Evaluation of MYOC Variations
Our criteria for judging a variation to be potentially involved in the steroid response phenotype (and therefore to be included in the statistical comparisons between steroid responders and control subjects) included alteration of either the charge, size or polarity of the predicted amino acid sequence; alteration of a consensus splice site sequence; or alteration of a putative promoter–enhancer element. Putative enhancer and promoter elements were identified in the sequence upstream of the monkey and human myocilin genes, by using the network application program TESS (http://www.cbil.upenn.edu/tess/index.html; provided free of charge by the University of Pennsylvania, Philadelphia) and the transcription factor binding site data set TRANSFAC v3.2. All comparisons were evaluated for significance using Fisher’s exact test, and all probabilities are two-tailed. This study was designed to test the hypothesis that mutations in the coding region or proximal promoter of the myocilin gene were responsible for a large fraction of the steroid response in humans. It had a power of greater than 95% to detect a statistically significant difference between steroid responders and control subjects if PCR-detectable variations in the myocilin gene were responsible for at least 30% of the steroid response in the patient populations we studied. This power calculation was performed as described by Rosner 32 with the assumption that 35% of the control individuals would have been steroid responders if they had been challenged with the same amount of steroid as the steroid responding group.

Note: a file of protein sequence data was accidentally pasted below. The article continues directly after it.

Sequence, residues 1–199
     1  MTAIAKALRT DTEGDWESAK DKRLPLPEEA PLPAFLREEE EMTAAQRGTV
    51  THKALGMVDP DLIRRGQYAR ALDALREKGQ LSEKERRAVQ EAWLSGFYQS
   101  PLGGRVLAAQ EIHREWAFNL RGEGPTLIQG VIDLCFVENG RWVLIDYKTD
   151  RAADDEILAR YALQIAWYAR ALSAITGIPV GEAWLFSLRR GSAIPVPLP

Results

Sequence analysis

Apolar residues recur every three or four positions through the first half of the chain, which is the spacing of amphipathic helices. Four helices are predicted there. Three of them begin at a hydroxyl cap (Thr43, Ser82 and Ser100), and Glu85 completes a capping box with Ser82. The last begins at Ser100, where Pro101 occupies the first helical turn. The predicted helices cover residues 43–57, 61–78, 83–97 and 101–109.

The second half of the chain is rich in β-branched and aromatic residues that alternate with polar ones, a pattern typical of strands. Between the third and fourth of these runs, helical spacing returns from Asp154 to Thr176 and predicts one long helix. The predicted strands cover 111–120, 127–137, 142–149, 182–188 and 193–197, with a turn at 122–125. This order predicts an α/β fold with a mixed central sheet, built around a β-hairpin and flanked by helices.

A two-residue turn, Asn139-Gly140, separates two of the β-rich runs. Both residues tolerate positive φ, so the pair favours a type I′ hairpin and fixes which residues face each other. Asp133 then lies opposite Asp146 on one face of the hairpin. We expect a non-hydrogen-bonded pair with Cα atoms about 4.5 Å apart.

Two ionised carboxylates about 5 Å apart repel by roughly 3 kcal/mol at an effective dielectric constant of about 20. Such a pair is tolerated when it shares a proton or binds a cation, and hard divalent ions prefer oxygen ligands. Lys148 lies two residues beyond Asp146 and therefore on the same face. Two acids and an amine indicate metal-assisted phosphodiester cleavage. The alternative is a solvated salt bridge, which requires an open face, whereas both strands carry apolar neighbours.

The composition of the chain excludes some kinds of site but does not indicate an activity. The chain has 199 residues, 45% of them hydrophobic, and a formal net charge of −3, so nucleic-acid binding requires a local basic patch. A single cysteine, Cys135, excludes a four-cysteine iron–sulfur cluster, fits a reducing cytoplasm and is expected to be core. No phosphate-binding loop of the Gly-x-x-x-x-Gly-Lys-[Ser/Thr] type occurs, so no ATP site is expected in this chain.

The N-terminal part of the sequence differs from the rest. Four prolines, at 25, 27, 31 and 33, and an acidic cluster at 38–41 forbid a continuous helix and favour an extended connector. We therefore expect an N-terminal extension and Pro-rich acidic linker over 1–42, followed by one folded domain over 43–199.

Linkage Disequilibrium Experiments
Human steroid responders, nonresponders, and normal control subjects were genotyped at the MY5 STRP located 341 bp upstream of the MYOC coding sequence. Using 12.5 ng of each patient’s DNA, the MY5 marker was PCR amplified (as described earlier), electrophoresed on 6% polyacrylamide, 1× TBE, and 7-M urea gels at 65 W for approximately 3 hours, and stained with silver nitrate. Marker alleles were identified by observing the electrophoretic mobility of the PCR products. Allele frequencies were compared using Fisher’s exact test.